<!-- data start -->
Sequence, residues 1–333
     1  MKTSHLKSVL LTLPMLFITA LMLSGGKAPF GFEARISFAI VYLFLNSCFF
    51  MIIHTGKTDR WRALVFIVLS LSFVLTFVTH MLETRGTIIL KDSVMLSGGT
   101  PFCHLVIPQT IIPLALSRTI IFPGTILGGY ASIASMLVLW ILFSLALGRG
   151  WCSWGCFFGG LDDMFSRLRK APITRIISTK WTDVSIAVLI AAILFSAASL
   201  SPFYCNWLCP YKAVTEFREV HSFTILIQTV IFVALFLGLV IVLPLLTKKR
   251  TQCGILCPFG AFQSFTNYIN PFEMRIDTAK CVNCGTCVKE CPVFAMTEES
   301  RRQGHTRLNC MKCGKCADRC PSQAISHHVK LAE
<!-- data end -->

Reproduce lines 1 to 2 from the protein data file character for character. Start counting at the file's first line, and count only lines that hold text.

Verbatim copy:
Sequence, residues 1–333
     1  MKTSHLKSVL LTLPMLFITA LMLSGGKAPF GFEARISFAI VYLFLNSCFF